Are Varicose Veins Genetic?
Updated: Oct 6, 2020
Could your varicose veins be due to genetics? Yes, but they’re likely not the only factor at play.
Like so many chronic conditions, varicose veins may be in your genes. If a parent, grandparent, or other close family member has varicose veins, your odds of developing those enlarged, painful veins on your legs greatly increases.
A study published in 2018 in the journal Circulation has further cemented the relationship between varicose veins and heredity. Analyzing genetic data from more than 400,000 people in the U.K. Biobank, researchers found a strong correlation between inherited characteristics, specifically greater height, to the emergence of varicose veins in those individuals. Additionally, the study uncovered 30 genes present in people with varicose veins. Of course, heredity is only one factor potentially leading to varicose veins, but it’s one you should be aware of if you want to maintain good vein health.
Heredity & Varicose Veins
It’s not surprising varicose veins may be inherited. We inherit many features from our parents, such as eye and hair color. It’s the same with our veins. Veins function properly when the valves inside them close to push blood from the extremities back up to the heart, but those valves can weaken and stop functioning properly. When that occurs, blood builds up within the vein walls, causing the vein to bulge outward, forming a varicose vein.
Some people may be born with abnormal or weak vein valves or walls, which heightens their risk of varicose veins at some point in their lives. If you develop varicose veins earlier in life, the most likely cause is genetics.
Women also have a higher risk of varicose veins because pregnancy strains the veins in the lower body. (Fortunately, pregnancy-related varicose veins usually disappear weeks after childbirth, though multiple pregnancies are considered a risk factor for long-term varicose veins.) Birth control pills and hormone replacement therapy dilate the veins as well, making it easier for blood to collect in the veins. Veins also lose strength as we age, so age is another contributing factor.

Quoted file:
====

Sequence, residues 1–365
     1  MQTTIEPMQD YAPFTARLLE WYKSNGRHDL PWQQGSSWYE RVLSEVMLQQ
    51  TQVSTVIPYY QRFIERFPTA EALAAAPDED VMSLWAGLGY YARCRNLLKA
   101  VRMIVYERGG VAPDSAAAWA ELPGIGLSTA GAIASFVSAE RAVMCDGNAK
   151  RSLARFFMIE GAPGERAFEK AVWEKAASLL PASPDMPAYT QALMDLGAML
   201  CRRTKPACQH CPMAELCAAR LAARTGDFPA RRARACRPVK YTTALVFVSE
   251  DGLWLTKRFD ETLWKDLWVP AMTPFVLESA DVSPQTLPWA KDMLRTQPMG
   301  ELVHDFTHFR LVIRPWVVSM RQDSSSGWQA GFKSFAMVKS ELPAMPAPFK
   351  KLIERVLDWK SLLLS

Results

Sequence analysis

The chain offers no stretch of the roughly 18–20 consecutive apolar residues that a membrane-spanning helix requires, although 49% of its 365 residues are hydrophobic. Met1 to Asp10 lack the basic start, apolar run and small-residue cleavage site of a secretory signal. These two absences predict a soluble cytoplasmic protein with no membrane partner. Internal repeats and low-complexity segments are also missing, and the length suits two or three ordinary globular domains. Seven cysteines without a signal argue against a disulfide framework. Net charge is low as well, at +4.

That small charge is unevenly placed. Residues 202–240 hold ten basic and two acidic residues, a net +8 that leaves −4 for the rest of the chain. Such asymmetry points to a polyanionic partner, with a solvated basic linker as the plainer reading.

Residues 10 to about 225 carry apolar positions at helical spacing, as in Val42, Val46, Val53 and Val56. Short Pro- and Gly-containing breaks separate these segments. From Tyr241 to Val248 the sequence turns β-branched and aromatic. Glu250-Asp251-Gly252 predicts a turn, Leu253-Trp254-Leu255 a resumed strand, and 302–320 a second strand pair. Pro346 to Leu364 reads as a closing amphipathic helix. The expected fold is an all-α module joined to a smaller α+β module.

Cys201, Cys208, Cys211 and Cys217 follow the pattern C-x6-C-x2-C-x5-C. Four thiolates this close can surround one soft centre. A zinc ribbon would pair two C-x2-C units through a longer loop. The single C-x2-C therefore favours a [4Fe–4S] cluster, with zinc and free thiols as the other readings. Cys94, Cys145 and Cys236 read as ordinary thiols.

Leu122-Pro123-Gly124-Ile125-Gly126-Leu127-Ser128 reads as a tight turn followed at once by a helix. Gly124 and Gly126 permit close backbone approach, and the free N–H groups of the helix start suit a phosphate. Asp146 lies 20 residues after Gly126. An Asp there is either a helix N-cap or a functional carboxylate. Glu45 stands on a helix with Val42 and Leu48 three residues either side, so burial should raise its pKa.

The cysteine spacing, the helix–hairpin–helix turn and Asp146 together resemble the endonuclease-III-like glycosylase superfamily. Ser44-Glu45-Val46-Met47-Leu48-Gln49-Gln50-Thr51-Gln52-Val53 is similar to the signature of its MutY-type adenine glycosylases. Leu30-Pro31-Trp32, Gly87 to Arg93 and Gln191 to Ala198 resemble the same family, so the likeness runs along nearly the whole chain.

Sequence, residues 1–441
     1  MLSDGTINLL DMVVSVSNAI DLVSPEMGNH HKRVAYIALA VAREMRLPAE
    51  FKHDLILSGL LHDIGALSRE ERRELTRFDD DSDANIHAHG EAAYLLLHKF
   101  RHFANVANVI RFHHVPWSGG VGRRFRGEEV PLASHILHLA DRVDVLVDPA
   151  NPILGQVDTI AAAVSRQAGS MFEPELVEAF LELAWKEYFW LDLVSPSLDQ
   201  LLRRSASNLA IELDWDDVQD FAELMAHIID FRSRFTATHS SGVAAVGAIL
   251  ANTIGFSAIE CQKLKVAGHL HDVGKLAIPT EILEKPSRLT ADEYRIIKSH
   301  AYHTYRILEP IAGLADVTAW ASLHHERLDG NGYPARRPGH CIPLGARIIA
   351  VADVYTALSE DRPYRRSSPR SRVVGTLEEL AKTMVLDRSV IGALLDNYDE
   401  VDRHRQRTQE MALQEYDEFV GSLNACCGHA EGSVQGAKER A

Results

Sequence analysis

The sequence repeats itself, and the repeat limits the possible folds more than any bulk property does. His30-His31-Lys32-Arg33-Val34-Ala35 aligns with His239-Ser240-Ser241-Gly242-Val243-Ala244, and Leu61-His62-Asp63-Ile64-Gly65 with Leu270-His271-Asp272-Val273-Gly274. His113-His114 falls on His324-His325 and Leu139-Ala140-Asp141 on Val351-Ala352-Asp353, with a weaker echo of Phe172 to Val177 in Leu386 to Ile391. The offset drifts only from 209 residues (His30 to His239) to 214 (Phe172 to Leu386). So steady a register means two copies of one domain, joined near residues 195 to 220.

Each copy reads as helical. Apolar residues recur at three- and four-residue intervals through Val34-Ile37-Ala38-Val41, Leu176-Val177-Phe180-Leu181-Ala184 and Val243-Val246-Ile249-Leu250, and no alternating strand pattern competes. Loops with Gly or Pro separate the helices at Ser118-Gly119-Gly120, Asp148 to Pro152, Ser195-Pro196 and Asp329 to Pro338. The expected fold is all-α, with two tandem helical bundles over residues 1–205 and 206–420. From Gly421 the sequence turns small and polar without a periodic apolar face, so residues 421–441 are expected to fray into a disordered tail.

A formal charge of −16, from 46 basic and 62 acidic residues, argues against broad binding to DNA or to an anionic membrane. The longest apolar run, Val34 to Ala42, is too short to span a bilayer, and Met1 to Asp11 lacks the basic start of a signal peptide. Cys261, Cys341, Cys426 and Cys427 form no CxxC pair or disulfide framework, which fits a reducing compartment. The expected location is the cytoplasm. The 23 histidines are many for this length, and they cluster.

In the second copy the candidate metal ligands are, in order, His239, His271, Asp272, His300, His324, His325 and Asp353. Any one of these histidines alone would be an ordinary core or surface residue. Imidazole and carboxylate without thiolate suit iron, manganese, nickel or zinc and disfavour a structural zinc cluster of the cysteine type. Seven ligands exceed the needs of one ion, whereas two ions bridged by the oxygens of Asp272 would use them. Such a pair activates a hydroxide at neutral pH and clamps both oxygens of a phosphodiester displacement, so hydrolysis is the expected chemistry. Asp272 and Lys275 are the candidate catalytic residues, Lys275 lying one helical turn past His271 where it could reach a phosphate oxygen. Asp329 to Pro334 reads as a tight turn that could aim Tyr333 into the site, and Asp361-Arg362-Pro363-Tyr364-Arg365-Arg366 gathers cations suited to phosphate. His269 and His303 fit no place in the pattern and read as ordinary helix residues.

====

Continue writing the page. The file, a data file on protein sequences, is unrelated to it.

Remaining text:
In short, varicose veins progress for many reasons, with heredity one of many. Unfortunately, you cannot control what genes you inherit. But you can take measures to reduce your chances of varicose veins by reducing risk factors within your control, such as weight, diet, and activity level.
Preventing Varicose Veins
Excess weight can put extra pressure on the veins, and a generally poor diet and lack of exercise can also contribute to vein disease. In addition, sitting or standing for long hours obstructs blood from flowing upward to the heart, thereby allowing blood to collect within the veins.
Fortunately, you can easily reduce your risk with simple lifestyle changes. Losing weight and eliminating processed foods with high amounts of sodium from your diet will lighten the pressure on your veins and reduce swelling. Exercises that focus on strengthening the calf muscles like walking and swimming bolster blood flow in leg veins and prevent blood from pooling and stretching vein walls.
If your job requires long periods of standing or sitting, be sure to move about the office or flex your ankles to nudge blood along the veins. You can also encourage healthy blood flow — whether seated or standing — with compression stockings made of strong, tightly woven elastic. The garments are available in drugstores or by prescription if you need a medical-grade pair.
Venous insufficiency and varicose veins are significant medical disorders that require treatment. If you suffer from varicose veins or know of family members with the condition and think you may be in line for the same ailment, consult a vein specialist to understand your risk factors and therapeutic alternatives.
A vascular surgeon who specializes in vein disease can help you decide which surgical or non-surgical method is right for you. Just because you may have a genetic predisposition to varicose veins doesn’t mean you will develop them. By proactively treating your veins, you can live a life without the discomfort of varicose veins.